Celebrate Dia de los Muertos at The St. Regis Mexico City

Las Rosadas Day of the Dead altar
Las Rosadas Day of the Dead

To celebrate one of Mexico’s most famous holidays, Dia de los Muertos (or Day of the Dead), The St. Regis Mexico City will offer specially-themed food items and cultural tours.  Day of the Dead honors and celebrates loved ones who have passed on. 

The St. Regis Mexico City will be offering guests three different versions of the traditional Pan de Muerto to celebrate. Options include:

  • Classic Pan de Muerto (bread of the dead) - This is what families would traditionally bring to the cemetery, along with hot chocolate, to honor loved ones. The Pan de Muerto glorifies those who have passed. Baked just for this holiday, the bread is made from butter and eggs and has the shape of a human body with a head made from sugar. 
  • Pan de Muerto Ice Cream – A twist on the classic bread recreated into ice cream, 
  • Pan de Muerto “bones” – The Chef at The St. Regis Mexico City will be cooking only the bones for guests, who can try the best part of the Pan de Muerto by the dozen.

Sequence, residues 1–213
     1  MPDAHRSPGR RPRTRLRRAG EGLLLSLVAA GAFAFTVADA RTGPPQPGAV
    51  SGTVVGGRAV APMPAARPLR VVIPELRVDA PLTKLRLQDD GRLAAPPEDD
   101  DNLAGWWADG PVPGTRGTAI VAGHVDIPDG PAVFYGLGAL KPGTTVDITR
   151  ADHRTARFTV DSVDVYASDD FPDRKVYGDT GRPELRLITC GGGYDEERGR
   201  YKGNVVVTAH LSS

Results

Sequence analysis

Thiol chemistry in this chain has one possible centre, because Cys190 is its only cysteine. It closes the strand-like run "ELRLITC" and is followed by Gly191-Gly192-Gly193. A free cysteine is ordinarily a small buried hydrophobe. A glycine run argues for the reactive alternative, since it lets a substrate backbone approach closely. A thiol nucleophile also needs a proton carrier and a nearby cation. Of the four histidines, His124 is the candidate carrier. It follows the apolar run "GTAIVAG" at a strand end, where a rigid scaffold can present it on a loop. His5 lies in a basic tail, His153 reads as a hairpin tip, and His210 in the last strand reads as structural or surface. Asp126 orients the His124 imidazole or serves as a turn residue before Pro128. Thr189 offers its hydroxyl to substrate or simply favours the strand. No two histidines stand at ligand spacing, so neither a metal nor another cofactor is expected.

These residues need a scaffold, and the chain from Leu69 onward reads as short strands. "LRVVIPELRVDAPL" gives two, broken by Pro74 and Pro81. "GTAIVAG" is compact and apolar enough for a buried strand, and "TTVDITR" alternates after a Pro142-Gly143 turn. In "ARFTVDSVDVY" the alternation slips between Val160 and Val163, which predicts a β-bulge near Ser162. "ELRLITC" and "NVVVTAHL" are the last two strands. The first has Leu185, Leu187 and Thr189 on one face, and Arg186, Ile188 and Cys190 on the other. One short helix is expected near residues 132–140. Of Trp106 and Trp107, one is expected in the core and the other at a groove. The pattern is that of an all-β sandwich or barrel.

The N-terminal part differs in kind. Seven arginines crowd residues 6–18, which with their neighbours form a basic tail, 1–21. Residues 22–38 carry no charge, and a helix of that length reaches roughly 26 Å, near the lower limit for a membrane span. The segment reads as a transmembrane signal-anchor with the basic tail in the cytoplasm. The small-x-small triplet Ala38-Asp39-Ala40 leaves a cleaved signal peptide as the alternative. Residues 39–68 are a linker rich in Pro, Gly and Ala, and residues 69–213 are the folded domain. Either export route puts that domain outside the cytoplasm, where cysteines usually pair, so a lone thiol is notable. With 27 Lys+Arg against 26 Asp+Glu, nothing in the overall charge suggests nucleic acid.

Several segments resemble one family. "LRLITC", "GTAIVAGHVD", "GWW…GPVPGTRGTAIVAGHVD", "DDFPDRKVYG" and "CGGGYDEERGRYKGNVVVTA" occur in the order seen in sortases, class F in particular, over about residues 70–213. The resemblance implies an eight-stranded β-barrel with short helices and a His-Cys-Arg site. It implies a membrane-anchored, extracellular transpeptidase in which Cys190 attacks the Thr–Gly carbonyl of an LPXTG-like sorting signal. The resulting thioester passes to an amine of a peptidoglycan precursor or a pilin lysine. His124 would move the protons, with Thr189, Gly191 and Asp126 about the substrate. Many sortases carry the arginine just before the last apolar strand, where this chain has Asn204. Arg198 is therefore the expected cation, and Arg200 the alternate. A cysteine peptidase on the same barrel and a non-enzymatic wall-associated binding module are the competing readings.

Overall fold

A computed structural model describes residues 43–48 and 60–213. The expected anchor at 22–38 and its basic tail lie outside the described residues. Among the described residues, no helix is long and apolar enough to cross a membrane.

The hotel will also have a variety of cultural events taking place including: 

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  • Museum Tours – Guests will learn all about pre-Hispanic cultures during personalized tours to Anahuacalli Museum and the Dolores Olmedo Museum.
  • San Andrés Mixquic – Día de los Muertos is not just a time for families to get together, but it’s also a time to welcome spirits back to earth. San Andres Mixquic is a small community where the tradition lives on and welcomes travelers to experience it first-hand. With a tour guide, guests will drive two hours to Mixquic and explore the town. While there, they will visit the temple of San Andres Mixquic and the pantheon fully decorated with candles, altars and music. There will be incense everywhere and locals will be dressed up as Catrinas, skulls, and selling marigolds (which in Mexico are known as flor de muerto, or flower of dead).
  • Xochimilco – While sailing in a a trajinera at night in Xochimilco, guests will pass lit candles and colorful ceremonies. They will also learn about the altars, their significance, listen to Mariachi, drink tequila and enjoy traditional food. At all times guests are joined by a Cultural Curator.

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